For those traders who want a clear and brief explanation of various concepts often touched on in technical analysis and trading, we offer Traders' Notes.
ELECTRONIC DAYTRADINGConsidering the increased interest in daytrading and our interview with David Nassar in the May 1999 STOCKS & COMMODITIES, we thought that some clarification of common terms used in electronic direct access trading (EDAT) might be helpful.
Archipelago: Also called Terra Nova, this electronic communications network (ECN) has the symbol of TNTO on the Level II screen.
Bloomberg: An ECN with the symbol BTRD for B-Trade on the Level II screen.
Direct Access System: This is a generic term for the method by which individual traders can route and execute orders directly and instantaneously. This can be done either on the trader's PC from home, or on the premises of one of the direct access electronic daytrading firms. Secrets Of The SOES Bandit author Harvey Houtkin uses the term direct access electronic trading (DAET), Mark Friedfertig and George West use electronic day trading, and David Nassar used the term electronic direct access trading during his S&C interview. This access allows the individual to bypass the intermediaries (brokerage firm, marketmakers, and specialists) and trade directly via Nasdaq's SOES, NYSE's DOT and SuperDOT, as well as other ECNs. DOT and SuperDOT are not automatic execution systems and still rely on specialists to execute the trade. Some benefits of the direct access method over the traditional method: quicker fills, price improvement potential, and maneuverability.
Electronic Communications Networks (ECNs): Whereas SOES and SelectNet are owned and operated by Nasdaq, ECNs are independent execution systems set up by brokerage firms. These systems match new retail limit orders with compatible orders already in the system. The significance of these systems to the individual direct access electronic trader is the ability to trade inside the spread of the marketmakers' best bid and ask. For instance, if the Level II screen shows ABCD quoted 15 bid at 15-3/16 ask, you can enter a bid for 15-1/8 using an ECN. Your bid is then displayed on every Level II screen as the new best bid until someone betters your bid or someone hits your bid. Then you pay 15-1/8 for the stock, which is less than 15-3/16, which you would have had to pay had there been no ECN. And the seller gets 15-1/8, which is more than 15 that she/he would have gotten from the marketmaker. The trade is also done instantly; no waiting for the order to be routed, executed, and then confirmed by your broker.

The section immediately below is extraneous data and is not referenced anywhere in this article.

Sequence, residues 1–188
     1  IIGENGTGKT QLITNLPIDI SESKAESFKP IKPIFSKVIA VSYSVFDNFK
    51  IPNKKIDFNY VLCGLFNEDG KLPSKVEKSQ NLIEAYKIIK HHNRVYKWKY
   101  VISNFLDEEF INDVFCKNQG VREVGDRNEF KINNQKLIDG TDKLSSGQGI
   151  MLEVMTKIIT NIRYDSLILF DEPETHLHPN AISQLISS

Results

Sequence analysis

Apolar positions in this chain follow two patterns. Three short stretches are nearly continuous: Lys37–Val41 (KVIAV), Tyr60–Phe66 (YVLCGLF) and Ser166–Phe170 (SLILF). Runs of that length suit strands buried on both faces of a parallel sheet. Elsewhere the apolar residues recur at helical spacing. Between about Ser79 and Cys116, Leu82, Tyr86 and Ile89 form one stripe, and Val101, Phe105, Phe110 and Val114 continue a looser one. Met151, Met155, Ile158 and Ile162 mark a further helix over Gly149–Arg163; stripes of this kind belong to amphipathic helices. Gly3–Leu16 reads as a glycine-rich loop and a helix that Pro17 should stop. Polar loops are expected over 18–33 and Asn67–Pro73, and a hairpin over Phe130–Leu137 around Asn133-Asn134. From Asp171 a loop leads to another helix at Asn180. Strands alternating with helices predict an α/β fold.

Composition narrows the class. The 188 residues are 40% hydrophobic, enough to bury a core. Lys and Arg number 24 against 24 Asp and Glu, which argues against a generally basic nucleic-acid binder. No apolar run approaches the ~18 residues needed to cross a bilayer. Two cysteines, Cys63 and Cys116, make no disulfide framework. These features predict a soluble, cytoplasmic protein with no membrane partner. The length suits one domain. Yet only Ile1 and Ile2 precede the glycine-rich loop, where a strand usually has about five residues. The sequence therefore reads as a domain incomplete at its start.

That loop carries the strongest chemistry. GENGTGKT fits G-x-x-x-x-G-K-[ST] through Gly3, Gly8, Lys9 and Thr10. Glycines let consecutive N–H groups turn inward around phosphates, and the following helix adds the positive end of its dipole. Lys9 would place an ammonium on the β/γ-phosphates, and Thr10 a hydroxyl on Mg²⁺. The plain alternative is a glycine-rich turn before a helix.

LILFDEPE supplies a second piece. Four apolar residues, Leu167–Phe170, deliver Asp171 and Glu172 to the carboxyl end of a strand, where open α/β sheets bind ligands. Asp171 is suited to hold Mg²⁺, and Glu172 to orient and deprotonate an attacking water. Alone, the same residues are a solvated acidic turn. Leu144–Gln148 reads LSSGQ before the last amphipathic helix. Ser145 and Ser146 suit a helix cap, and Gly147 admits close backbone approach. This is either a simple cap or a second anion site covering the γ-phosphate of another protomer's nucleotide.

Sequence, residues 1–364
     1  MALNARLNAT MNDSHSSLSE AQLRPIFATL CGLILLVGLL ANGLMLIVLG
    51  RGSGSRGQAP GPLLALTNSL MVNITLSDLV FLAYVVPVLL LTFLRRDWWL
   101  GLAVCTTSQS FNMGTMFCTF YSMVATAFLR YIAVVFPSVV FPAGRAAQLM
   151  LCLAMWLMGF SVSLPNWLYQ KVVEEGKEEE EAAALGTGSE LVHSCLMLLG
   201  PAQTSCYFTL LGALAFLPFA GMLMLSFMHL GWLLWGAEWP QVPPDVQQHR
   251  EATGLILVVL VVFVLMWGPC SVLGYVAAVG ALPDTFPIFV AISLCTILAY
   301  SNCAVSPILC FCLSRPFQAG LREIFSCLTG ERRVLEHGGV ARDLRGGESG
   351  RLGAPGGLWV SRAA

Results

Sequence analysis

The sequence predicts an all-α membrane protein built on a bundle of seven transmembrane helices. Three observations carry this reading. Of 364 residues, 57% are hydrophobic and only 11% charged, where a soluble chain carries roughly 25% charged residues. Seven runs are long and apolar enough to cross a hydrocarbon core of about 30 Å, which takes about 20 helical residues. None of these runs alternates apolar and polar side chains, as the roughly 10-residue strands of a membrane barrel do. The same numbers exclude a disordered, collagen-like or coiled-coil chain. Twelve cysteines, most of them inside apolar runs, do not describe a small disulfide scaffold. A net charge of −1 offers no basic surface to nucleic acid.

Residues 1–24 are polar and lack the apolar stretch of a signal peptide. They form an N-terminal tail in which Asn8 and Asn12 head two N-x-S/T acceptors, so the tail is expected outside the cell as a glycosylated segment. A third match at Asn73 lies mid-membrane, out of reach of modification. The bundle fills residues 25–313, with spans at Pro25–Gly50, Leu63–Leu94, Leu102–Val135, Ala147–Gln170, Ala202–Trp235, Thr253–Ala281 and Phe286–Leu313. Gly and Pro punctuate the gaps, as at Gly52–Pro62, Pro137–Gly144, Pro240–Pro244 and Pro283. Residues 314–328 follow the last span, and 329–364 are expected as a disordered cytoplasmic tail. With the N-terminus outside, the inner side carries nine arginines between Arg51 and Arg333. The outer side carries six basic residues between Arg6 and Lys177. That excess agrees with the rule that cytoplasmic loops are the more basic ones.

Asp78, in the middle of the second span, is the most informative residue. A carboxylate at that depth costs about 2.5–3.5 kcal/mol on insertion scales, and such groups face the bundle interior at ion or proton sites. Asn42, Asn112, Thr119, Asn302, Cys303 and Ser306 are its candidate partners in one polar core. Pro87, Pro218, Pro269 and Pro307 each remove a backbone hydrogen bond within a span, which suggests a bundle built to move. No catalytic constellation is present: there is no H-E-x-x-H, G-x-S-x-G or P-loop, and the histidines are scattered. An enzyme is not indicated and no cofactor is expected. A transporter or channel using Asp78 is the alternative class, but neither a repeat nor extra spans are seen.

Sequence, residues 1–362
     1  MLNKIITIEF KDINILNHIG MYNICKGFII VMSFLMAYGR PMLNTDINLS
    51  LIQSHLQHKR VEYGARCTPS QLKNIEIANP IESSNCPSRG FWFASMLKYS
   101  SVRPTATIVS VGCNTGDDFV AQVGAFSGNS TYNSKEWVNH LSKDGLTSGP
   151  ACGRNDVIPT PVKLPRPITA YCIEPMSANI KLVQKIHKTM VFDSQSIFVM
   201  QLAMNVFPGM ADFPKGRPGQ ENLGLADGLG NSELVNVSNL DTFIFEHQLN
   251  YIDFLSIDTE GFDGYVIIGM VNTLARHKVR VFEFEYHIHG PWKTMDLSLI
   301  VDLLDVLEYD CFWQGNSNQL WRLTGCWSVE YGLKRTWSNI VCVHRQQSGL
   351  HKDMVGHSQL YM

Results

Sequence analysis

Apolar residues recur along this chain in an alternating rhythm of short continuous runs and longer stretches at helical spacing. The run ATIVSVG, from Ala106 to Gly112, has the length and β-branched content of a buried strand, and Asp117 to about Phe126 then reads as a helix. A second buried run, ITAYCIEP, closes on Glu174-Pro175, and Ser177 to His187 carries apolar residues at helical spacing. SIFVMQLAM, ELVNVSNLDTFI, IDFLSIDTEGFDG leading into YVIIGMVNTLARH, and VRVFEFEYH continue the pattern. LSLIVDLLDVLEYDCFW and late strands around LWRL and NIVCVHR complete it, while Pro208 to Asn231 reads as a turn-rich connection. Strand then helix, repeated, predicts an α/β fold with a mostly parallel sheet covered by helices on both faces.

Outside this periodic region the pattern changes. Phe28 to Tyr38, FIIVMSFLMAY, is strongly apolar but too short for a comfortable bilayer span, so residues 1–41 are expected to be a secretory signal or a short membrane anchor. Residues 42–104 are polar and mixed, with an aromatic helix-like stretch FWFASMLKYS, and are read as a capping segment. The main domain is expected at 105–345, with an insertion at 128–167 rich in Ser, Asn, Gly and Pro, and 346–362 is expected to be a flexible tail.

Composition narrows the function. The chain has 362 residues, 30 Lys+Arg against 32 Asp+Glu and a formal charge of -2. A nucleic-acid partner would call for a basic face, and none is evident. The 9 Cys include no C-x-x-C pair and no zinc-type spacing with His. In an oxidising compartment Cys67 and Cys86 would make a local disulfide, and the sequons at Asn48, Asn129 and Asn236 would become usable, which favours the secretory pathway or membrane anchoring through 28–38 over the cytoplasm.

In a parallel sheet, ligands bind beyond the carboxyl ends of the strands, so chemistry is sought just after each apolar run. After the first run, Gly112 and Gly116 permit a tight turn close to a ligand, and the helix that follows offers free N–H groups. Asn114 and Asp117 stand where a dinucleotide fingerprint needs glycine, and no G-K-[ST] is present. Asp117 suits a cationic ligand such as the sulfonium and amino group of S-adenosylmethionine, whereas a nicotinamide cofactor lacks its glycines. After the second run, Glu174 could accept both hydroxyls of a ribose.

Instinet: The first ECN formed in 1969, Instinet is owned and operated by Reuters and was initially used only by institutions to display bids and offers to execute trades for Nasdaq and NYSE stock. Currently, Instinet is the largest ECN, used by institutions, and generally preferred by marketmakers, even though they can use any ECN. Some brokerage firms can arrange for individuals to use Instinet for 24-hour trading outside of the exchanges, but liquidity is a limiting factor.
Island: Datek Trading's ECN, with the symbol of ISLD on the Level II screen. Island began in 1996, has been growing quite rapidly, and has very high market liquidity.
Level II Screen: A display of the two-sided market for each stock traded on the Nasdaq. Each marketmaker must display the number of shares and price at which he/she is willing to sell (bid) or buy (ask) stock for which they make a market. Each screen shows five levels of prices including Level I, which is the highest bid and lowest asked, known as the inside market or best market. Each level is color-coded, identifies the marketmakers, their quotes, and number of shares committed to (that is, size). The marketmaker providing the best bid does not necessarily have to be the same one providing the best asked.